At employer's request, Dr. Hodgson examined claimant in January 2000. He referred claimant for an audiogram, which, consistently with previous audiograms, revealed significant hearing loss. The results of that audiogram disclosed slightly more hearing loss than the one performed a year earlier. Hodgson concluded that claimant's many years of work as an ironworker and boilermaker, cumulatively, were the major contributing cause of the hearing loss. He believed that claimant's work for employer, although it was "of the type that could have contributed to [claimant's] hearing loss[,]" probably did not itself worsen that loss; Hodgson explained that the difference between the results of the 1999 audiogram and the 2000 audiogram were probably due to "test/retest variability." He also stated that it was "not impossible" that claimant's work for employer contributed to the hearing loss.

At the hearing, employer withdrew the denial of compensability but maintained that responsibility for claimant's hearing loss should be assigned to claimant's prior employers. The ALJ disagreed and assigned responsibility to employer under the last injurious exposure rule (LIER). The board affirmed.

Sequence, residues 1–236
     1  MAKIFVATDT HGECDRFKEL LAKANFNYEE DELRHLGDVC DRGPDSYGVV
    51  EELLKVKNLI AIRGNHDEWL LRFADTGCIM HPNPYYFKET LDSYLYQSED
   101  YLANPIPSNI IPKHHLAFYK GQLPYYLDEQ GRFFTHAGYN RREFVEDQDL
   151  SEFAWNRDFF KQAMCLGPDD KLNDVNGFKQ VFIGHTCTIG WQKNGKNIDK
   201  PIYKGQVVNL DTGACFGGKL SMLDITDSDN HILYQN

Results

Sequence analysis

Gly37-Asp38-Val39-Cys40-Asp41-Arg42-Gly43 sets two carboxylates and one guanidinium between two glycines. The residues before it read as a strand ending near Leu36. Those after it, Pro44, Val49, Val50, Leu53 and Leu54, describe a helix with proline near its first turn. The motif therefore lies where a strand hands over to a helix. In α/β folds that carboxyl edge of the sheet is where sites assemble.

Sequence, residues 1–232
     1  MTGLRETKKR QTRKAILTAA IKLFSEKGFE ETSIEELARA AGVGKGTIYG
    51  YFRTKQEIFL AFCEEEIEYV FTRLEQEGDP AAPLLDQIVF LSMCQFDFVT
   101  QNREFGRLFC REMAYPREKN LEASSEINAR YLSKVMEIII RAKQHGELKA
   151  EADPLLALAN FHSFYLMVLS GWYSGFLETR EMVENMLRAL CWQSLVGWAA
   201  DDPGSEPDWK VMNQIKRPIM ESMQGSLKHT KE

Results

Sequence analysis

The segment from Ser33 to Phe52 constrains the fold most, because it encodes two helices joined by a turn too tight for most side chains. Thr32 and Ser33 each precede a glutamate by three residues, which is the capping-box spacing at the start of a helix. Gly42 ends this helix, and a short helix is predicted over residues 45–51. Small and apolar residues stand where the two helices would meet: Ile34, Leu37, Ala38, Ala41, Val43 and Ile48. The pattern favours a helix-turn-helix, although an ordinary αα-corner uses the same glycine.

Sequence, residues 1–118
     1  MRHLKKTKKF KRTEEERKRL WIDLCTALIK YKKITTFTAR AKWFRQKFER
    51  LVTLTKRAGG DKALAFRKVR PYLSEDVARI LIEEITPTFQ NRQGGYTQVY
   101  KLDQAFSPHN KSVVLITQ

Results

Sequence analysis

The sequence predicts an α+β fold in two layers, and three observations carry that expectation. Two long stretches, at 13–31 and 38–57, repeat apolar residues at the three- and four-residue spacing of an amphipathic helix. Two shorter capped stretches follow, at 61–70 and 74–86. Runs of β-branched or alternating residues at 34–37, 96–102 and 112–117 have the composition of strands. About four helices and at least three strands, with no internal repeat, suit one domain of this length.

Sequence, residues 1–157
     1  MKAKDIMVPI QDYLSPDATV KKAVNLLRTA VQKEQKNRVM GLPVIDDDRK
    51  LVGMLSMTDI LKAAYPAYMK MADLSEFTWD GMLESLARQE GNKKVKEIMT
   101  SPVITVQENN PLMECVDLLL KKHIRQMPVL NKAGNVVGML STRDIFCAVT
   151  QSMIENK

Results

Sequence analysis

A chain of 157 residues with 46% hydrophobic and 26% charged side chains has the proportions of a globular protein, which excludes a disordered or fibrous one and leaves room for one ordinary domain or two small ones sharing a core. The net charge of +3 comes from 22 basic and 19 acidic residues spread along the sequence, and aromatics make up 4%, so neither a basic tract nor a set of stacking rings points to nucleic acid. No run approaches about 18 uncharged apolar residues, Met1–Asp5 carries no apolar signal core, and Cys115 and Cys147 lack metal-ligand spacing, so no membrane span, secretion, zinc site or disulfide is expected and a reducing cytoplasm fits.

Employer does not contend that the board misstated or misunderstood the LIER. Under that rule, liability is presumptively assigned to the potentially causal employer for whom claimant is working at the time claimant first seeks or receives medical treatment, whichever comes first. Bracke v. Baza'r, 293 Or 239, 248, 646 P2d 1330 (1982); Agricomp Ins. v. Tapp, 169 Or App 208, 212-13, 7 P3d 764, rev den, 331 Or 244 (2000). A potentially causal employer is one who provides circumstances of employment of the type that could contribute to the disabling condition. Bracke, 293 Or at 248-49. A presumptively responsible employer or insurer may rebut that presumptive responsibility by proving (1) that circumstances of employment at its workplace could not possibly have caused or exacerbated the condition; or (2) that the condition was caused solely by conditions at one or more previous employments. Roseburg Forest Products v. Long, 325 Or 305, 313, 937 P2d 517 (1997).